The objective of this paper is to present the methodology adopted to overcome challenges faced during sampling and characterization of heavy oil in deep exploratory wells.
As a part of exploration activities, two exploratory wells had been successfully drilled and tested in deeper low permeability Lower Cretaceous reservoirs. Drill Stem Test (DST) technique is adopted to test all exploratory wells for collecting production, surface and bottom-hole pressure and temperature data and collection of fluid samples for fluid characterization. As the wells are tested with retrievable packer, coiled tubing (CT) is required during activation and stimulation operations due to absence of other lifting methods. In this case study wells, coiled tubing was lowered and the well was lifted continuously with nitrogen for clean-up and to assess production behavior as there was no self-flow. Surface samples have been checked to assess contamination with diesel used for underbalance operations. Continuous nitrogen lifting helped to collect representative bottom-hole samples.
During testing, there was poor inflow of heavy oil of API 21–22 Deg, but the well could not be produced naturally in spite of repeated attempts. Matrix acid stimulation treatment was done to improve the productivity of the reservoir. Well flowed heavy oil and then gradually ceased to flow. Due to low mobility, self-flow could not be sustained. These pose significant challenges for well cleanup, flow studies and collection of representative sample for PVT analysis and fluid characterization.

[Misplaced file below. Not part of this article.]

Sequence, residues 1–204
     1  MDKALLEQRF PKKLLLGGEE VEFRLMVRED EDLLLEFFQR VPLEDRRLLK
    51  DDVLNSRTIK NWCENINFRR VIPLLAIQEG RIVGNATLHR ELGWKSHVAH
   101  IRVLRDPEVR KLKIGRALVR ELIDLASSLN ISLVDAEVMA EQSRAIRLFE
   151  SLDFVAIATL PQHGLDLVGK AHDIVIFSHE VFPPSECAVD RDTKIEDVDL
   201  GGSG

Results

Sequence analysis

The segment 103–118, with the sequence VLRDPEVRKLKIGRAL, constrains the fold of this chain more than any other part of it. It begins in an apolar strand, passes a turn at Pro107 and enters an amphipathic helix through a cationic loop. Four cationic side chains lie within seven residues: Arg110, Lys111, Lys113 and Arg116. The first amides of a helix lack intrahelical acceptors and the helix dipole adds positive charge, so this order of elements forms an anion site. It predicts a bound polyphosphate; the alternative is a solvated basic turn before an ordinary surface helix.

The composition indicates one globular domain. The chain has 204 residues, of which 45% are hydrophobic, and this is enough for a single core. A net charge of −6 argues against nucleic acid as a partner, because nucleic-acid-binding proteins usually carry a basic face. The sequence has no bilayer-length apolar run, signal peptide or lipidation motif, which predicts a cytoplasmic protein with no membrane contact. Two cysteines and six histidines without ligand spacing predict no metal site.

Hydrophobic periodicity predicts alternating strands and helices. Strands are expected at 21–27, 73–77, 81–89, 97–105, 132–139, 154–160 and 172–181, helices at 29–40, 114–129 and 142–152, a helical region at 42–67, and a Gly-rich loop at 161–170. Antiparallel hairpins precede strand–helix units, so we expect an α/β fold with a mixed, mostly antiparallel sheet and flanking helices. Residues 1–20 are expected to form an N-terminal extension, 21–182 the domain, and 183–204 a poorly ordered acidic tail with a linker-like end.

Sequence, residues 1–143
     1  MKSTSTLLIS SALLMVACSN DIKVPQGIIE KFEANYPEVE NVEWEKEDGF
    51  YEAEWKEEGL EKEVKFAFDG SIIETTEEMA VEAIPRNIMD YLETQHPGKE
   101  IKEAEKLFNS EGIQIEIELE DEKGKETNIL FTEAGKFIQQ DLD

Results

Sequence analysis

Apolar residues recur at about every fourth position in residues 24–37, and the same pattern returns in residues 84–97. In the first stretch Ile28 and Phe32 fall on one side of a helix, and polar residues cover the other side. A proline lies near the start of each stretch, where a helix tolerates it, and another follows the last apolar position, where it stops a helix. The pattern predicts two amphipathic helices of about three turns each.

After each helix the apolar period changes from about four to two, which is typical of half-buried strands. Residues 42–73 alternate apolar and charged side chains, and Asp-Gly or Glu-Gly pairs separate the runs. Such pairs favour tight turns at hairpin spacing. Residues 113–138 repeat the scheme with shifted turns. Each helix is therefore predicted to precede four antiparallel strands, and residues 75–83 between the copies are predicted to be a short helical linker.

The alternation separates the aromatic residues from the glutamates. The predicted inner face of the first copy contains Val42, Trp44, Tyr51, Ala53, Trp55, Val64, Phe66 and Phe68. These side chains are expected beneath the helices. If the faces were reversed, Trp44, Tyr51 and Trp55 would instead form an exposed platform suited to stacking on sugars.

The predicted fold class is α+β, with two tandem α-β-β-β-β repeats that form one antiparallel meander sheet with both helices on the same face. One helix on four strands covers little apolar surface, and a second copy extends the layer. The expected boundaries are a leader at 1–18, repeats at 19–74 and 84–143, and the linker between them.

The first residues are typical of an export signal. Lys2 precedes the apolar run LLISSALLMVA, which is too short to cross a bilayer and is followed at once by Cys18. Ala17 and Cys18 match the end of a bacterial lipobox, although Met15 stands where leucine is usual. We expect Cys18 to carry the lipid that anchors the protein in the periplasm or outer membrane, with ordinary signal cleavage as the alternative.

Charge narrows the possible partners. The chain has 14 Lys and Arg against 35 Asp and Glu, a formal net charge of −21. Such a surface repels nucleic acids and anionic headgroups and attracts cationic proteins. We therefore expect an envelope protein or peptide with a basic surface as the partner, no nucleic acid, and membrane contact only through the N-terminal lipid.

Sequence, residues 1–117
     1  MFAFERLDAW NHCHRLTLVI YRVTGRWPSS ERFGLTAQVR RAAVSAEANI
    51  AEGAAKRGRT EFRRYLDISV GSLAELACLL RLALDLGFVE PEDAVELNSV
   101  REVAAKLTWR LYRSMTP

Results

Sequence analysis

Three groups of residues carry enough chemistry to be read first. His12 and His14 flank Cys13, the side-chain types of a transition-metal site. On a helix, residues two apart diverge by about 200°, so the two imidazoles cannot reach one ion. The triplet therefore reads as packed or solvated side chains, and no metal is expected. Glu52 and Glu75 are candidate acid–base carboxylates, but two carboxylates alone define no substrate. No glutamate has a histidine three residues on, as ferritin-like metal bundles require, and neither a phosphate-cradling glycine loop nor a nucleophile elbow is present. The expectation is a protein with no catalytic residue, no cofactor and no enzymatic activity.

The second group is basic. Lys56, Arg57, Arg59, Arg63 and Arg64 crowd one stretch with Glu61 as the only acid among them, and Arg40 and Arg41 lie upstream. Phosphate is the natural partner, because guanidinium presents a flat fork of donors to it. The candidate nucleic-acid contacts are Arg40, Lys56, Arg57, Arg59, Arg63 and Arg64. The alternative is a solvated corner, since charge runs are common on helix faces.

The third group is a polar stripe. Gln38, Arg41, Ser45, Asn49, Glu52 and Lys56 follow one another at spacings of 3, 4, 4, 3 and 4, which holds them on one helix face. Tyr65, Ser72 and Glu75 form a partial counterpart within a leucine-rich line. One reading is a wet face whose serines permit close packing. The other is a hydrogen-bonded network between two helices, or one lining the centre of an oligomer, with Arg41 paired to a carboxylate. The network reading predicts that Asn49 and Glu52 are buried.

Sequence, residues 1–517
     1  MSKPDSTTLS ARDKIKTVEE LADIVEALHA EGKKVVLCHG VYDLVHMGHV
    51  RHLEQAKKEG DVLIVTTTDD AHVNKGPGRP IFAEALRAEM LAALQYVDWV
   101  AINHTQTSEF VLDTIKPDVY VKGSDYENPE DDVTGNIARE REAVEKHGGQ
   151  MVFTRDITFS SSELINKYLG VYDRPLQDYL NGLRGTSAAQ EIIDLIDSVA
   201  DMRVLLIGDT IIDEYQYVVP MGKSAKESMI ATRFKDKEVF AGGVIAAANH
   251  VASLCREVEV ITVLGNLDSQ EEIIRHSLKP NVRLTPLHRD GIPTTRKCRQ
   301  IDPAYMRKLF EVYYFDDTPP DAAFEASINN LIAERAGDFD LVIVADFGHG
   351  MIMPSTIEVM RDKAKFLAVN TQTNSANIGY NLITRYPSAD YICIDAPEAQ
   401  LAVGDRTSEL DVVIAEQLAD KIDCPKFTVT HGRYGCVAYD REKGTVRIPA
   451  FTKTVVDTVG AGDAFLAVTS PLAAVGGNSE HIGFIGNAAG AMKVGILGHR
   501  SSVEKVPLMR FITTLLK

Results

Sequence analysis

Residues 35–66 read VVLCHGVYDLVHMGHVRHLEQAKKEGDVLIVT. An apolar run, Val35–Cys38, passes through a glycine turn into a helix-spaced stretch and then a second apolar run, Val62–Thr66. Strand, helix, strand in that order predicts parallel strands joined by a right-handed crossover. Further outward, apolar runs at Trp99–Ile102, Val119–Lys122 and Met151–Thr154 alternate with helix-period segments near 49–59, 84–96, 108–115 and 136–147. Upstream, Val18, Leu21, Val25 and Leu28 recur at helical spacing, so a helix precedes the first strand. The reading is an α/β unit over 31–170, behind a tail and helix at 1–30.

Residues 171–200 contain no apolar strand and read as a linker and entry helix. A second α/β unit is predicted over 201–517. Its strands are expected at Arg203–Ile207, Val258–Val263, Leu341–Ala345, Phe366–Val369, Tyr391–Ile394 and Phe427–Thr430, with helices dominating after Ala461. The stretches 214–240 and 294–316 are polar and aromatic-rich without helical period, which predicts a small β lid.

Surface sampling was not favorable due to mixing with lifting nitrogen gases and only alternative method available was to collect Bottom-Hole Samples (BHS). However, proper cleanup was an issue for sampling operation. Continuous lifting with nitrogen helped to produce clean oil in both the wells. Compositional analysis was done on the nitrogen lifted sample to quantify the contamination level before lowering the down-hole sampler in order to capture representative BHS. As a result of this approach, representative samples could be captured and fluid characterization could be carried out with quality results. It has been planned to adopt the same methods in such type of situation in testing exploratory wells.
With the systematic approach representative samples could be successfully captured in both the wells where self-flow could not be sustained in spite of repeated attempts. Fluid characterization of heavy oil could be could be carried out in these two exploratory wells which are very valuable for further development planning of the reservoir / field.